When a plastic surgeon noticed that after undergoing endoscopic brow lift surgery some migraine patients were having less headaches, he developed a migraine surgery technique. The treatment, which involves “surgical deactivation” of “trigger sites” in the muscles or nerves that produce pain, appears to have some success: after five years, 88 percent of patients had less frequent or severe migraines, according to a new study in Plastic and Reconstructive Surgery journal.
In addition, the study found that 59 percent of patients reported that their headaches were significantly better and 29 percent said their migraines were eliminated completely five years after surgery.
The researchers followed 69 patients after they had migraine surgery; in order to confirm the trigger sites prior to surgery, each patient was tested with Botox in places like the forehead, temple and nose. For most patients the surgery targeted at least two trigger sites.
Other findings from the study included:
An additional benefit to the migraine surgery is that patients may end up with fewer wrinkles. “For those patients, commonly the aesthetic outcome is pleasing. They just look like they’re less angry or are less serious,” said Bahman Guyuron, MD, the surgeon who developed the technique.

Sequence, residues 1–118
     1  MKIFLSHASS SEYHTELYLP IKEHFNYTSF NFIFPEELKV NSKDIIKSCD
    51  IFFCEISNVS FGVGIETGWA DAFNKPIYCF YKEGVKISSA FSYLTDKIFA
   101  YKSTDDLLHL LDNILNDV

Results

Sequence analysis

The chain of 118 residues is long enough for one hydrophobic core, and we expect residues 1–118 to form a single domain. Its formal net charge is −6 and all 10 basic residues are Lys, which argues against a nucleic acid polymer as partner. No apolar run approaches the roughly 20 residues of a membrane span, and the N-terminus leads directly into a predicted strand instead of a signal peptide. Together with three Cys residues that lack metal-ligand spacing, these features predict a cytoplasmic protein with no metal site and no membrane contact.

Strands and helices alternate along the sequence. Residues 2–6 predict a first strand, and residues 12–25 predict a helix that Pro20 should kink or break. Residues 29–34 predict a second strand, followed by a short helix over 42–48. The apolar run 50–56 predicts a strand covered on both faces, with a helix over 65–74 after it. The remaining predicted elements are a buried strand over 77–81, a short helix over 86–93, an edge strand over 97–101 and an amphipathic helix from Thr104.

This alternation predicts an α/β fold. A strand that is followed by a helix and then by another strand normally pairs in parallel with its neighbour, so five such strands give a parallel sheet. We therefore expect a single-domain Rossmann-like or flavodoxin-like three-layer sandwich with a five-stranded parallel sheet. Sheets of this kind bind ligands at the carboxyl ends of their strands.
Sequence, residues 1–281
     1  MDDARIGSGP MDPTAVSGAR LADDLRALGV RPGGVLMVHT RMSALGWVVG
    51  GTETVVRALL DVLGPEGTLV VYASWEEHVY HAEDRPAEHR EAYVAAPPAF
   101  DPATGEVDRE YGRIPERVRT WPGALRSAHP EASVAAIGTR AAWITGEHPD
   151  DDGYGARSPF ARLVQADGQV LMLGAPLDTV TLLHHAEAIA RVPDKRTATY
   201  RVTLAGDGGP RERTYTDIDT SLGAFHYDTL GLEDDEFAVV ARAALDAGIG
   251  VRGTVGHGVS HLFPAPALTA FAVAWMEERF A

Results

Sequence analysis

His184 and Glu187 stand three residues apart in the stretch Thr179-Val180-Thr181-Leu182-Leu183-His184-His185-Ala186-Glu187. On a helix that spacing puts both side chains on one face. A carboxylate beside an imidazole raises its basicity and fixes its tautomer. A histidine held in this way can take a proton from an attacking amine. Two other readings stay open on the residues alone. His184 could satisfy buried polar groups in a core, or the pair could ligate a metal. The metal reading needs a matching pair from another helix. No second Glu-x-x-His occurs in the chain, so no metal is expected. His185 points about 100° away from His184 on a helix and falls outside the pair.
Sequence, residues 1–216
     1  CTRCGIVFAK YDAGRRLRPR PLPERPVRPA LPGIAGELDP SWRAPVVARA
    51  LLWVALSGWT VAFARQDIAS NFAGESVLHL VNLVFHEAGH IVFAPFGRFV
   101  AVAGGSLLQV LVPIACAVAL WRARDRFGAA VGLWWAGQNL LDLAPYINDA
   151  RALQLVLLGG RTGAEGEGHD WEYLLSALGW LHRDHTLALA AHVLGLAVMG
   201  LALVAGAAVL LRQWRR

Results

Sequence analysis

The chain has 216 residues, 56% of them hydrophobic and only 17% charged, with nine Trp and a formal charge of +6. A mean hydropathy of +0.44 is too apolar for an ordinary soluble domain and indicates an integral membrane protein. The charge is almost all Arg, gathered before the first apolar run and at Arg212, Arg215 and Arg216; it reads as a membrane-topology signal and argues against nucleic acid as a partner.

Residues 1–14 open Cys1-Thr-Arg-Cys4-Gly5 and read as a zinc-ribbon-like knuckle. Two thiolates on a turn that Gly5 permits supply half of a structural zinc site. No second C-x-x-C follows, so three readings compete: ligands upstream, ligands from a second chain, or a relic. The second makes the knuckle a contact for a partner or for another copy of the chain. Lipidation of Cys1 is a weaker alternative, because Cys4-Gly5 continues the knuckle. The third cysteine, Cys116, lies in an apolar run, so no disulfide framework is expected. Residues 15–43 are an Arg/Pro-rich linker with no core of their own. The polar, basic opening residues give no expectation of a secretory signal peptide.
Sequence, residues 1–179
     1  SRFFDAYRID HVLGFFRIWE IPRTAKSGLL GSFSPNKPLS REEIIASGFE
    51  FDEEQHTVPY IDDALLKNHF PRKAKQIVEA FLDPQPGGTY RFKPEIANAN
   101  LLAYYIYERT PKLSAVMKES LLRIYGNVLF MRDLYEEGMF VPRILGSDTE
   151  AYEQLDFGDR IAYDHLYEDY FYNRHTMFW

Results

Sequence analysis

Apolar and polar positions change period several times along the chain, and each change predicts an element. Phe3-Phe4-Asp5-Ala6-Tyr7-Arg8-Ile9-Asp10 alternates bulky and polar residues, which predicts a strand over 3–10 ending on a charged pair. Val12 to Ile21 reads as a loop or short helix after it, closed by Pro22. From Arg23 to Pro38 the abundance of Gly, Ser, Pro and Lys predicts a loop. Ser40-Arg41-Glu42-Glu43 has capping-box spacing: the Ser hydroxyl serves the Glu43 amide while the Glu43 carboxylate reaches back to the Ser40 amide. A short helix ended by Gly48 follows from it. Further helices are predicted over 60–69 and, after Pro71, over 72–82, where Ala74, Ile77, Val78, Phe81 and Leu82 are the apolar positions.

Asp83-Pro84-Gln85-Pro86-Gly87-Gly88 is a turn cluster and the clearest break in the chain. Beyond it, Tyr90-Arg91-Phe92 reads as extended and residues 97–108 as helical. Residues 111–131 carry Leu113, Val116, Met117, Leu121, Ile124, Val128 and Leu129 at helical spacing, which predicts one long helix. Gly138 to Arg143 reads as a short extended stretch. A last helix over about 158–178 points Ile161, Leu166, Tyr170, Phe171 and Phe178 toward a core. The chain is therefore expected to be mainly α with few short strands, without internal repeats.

While more research is needed to refine the surgical techniques and to clarify the reasons for the effectiveness of surgical deactivation of trigger sites, the researchers wrote that “the findings provide strong evidence that surgical deactivation of one or more trigger sites can successfully eliminate or reduce the frequency, duration and intensity of migraine headache, and the results are enduring.”
Experts say migraine surgery is probably only a good idea for those who’ve tried less invasive treatments first.
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